Samayasara - by Acharya Kundakunda: Right Knowledge Leads To Non-Attachment And Desirelessness

ko ṇāma bhaṇejja būho paradavvaṃ mama idaṃ havadi davvaṃ.
 appāṇamappaṇo parigahaṃ tu ṇiyadaṃ viyāṇaṃto..
l5

majjhaṃ pariggaho jadi iado ahamajῑvadaṃ tu gacchejja.
 ṇādeva ahaṃ jamhā tamhā ṇa pariggaho majjhaṃ..
16

chijjadu vā bhijjadu vā ṇijjadu vā ahava jādu vippalayaṃ.
 jamhā tamhā gacchadu tahāvi ṇa pariggaho majjhaṃ..
17

apariggaho aṇiccho bhaṇido ṇāṇῑ ya ṇecchadi adhammam.
apariggaho du dhammassa jāṇago teṇa so hodi..
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apariggaho aṇiccho bhaṇido ṇāṇῑ ya ṇecchadi adhammam.
apariggaho adhammassa jāṇago teṇa so hodi..
19

apariggaho aṇiccho bhaṇido asaṇaṃ ca ṇecchade ṇāṇῑ.
 apariggaho du asaṇassa jāṇago teṇa so hodi..
20

apariggaho aṇiccho bhaṇido pāṇaṃ ca ṇecchade ṇāṇῑ.
 apariggaho du pāṇassa jāṇago teṇa so hodi..
21

emādie du vivihe savve bhāve ya ṇecchade ṇāṇῑ.
 jāṇagabhāvo ṇiyado ṇῑrālaṃbo du savvattha..
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(Appāṇaṃ ṇiyadaṃ appaṇo parigahaṃ tu viyāṇaṃto) Having been convinced that the Self [and nothing else] is the only real [eternal] asset, (ko ṇāma buho bhaṇejja) which wise person will say that (idaṃ paradavvaṃ mama davvaṃ havadi) this alien substance [material wealth etc.] is my asset [possession]?

(Jadi pariggaho majjhaṃ) If I regard the inanimate wealth etc. as my assets [possessions] (tado tu ahamajῑvadaṃ gacchejja) then I [self] [inspite of being endowed with consciousness] would become identical to [becoming] inanimate; (jamhā ahaṃ ṇādeva tamhā pariggaho majjahāṃ ṇa) because I am only 'knower' [i.e., knowledge/consciousness is my own real asset], alien wealth etc. can never belong to me.

(Chijjadu vā bhijjadu vā ṇijjadu vā ahava vippalayaṃ jādu jamhā tamhā gacchadu tahāvi pariggaho majjhaṃ ṇa) [This material wealth [possession] including the body] is liable to be maimed or split or stolen or could be destroyed [in some other way]; whatever the method of dispossession, [I vow that] alien material wealth never belong to me.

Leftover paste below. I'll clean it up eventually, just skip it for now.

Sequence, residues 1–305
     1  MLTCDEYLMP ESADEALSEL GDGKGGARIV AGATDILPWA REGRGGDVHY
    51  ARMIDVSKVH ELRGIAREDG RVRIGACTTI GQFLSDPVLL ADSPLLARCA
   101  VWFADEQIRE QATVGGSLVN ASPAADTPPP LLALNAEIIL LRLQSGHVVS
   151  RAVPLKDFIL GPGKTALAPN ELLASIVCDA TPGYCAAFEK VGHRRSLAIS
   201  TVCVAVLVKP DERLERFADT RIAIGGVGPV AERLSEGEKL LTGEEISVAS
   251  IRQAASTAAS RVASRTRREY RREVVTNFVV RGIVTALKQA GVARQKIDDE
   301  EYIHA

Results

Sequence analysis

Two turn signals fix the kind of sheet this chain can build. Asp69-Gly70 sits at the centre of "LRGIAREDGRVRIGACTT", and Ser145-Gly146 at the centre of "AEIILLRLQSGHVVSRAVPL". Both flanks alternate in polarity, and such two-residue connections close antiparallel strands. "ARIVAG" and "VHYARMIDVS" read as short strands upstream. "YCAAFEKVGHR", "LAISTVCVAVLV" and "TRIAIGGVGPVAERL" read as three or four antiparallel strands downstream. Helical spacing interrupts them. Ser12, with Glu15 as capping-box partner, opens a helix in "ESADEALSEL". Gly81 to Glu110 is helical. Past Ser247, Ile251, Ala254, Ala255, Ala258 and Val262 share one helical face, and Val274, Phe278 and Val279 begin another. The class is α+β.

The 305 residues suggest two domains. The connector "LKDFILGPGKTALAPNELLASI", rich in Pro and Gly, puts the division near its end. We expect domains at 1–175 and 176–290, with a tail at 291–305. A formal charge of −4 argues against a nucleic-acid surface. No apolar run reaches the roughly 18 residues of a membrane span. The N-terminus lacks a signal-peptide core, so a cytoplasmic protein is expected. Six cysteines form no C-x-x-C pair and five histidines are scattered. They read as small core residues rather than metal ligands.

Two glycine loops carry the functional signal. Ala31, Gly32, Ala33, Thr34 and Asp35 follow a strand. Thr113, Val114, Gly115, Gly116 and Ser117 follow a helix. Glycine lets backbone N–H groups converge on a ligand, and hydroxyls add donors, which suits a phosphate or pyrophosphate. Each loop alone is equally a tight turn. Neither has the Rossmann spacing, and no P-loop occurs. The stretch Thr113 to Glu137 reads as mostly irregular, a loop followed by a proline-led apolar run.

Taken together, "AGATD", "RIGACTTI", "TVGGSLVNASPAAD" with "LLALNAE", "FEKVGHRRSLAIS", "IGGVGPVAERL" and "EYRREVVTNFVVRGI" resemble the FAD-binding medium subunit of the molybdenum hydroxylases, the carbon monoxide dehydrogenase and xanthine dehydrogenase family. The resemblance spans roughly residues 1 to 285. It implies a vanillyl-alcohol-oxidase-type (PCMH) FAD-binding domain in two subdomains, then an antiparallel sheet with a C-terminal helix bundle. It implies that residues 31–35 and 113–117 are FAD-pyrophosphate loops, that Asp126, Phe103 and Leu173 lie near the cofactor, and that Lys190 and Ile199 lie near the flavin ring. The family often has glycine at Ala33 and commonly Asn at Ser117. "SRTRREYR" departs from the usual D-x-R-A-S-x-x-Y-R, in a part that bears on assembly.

(Apariggaho aṇiccho bhaṇido) He who has no desire [for material wealth] is called renouncer [aparigrahῑ] (ya ṇāṇῑ dhammaṃ ṇecchade) and he who is enlightened has no desire for auspicious karma (teṇa so dhammassa du apariggaho) hence, he may be called renouncer of auspicious karma; (jaṇago hodi) he is aware [of the auspicious karma] but has no desire for it.

(Apariggaho aṇiccho bhaṇido) He who has no desire [for material wealth] is called renouncer [aparigrahῑ] (ca ṇāṇῑ asaṇaṃ ṇecchade) and he who is enlightened has no desire for foodstuffs, (teṇa so asaṇassa du apariggaho) hence, he may be called renouncer of food; (jaṇago hodi) he is aware [of the food] but has no desire for it.

(Apariggaho aṇiccho bhaṇido) He who has no desire [for material wealth] is called renouncer [aparigrahῑ] (ya ṇāṇῑ pāṇaṃ ṇecchade) and he who is enlightened has no desire for drinks, (teṇa so pāṇassa du apariggaho) hence, he may be called renouncer of drinks; (jaṇago hodi) he is aware [of the drinks] but has no desire for them.

(Emādie du vivihe savve bhāve ya ṇāṇῑ ṇecchade) Thus, he who is enlightened has no desire for indulging in these and such other sensuous pleasures; (savvattha ṇῑrālaṃbo du ṇiyado jāṇagabhāvo) his sole indulgence is his own characteristic attribute—Knowledge (Consciousness).

Annotations: